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Home » GCCA releases updated white paper: ‘Controlled Environment Fire Prevention’

GCCA releases updated white paper: ‘Controlled Environment Fire Prevention’

  • marimac 

Fire is a chemical reaction that requires three things to sustain itself – fuel, heat, and oxygen. Oxygen is one of the fundamental components required for combustion (fire) to occur. Too much O2 (rich environment) or too little O2 (lean environment) oxygen, and fire/combustion will not occur or sustain itself.

Global Cold Chain Alliance

Image credit: Global Cold Chain Alliance

The pioneers of ‘thin air’ fire prevention systems can safely prevent unwanted fire from occurring or propagating all together within a controlled environment by breaking down the well-known ‘fire triangle’ by adding nitrogen to the space, thus reducing the concentration of oxygen in the controlled environment.

Depending on the combustibility of the fuels and the temperatures being maintained, life sustaining oxygen can be calibrated and maintained below its normal pressurized 21% oxygen by volume (Vol.-%) at sea level to lower percentages by volume, each having an equivalent molecule concentration, corresponding to various higher elevations.

This controlled environment fire prevention concept is basically just another form of air conditioning. Systems are not designed to make the air cooler. They are designed to make the air thinner (reducing oxygen) and in doing so, fire is prevented from starting or spreading. ‘Thin air’ fire protection systems are quite different from all other forms of fire protection as it is proactive and constantly maintained to prevent the chemical reaction of ‘fire’ to occur at all.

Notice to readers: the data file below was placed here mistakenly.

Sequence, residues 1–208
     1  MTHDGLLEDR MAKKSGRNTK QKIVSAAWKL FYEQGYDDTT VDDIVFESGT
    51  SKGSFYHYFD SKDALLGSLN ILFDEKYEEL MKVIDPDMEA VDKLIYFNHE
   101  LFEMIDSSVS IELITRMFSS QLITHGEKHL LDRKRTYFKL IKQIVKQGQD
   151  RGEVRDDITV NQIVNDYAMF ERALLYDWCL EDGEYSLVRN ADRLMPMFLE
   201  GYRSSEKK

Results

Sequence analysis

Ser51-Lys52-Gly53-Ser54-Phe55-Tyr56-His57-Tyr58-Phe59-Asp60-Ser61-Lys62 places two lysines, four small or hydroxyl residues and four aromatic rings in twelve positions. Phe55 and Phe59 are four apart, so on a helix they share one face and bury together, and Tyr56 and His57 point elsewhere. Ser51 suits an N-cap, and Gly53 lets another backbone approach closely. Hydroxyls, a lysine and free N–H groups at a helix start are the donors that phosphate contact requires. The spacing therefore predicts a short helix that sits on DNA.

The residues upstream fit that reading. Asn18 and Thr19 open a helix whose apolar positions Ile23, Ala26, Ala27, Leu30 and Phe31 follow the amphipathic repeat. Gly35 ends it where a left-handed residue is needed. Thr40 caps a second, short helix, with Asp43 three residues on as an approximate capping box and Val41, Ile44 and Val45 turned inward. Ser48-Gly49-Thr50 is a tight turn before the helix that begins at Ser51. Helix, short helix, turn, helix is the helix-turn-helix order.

Other fire protection systems such as fire sprinklers or gaseous agent systems are reactive in nature. However, what both forms of fire protection have in common, is their basic function of interrupting one or more of the three essential elements (fuel, heat and oxygen) of the chemical reaction known as fire.

To view or download the white paper, it is available here.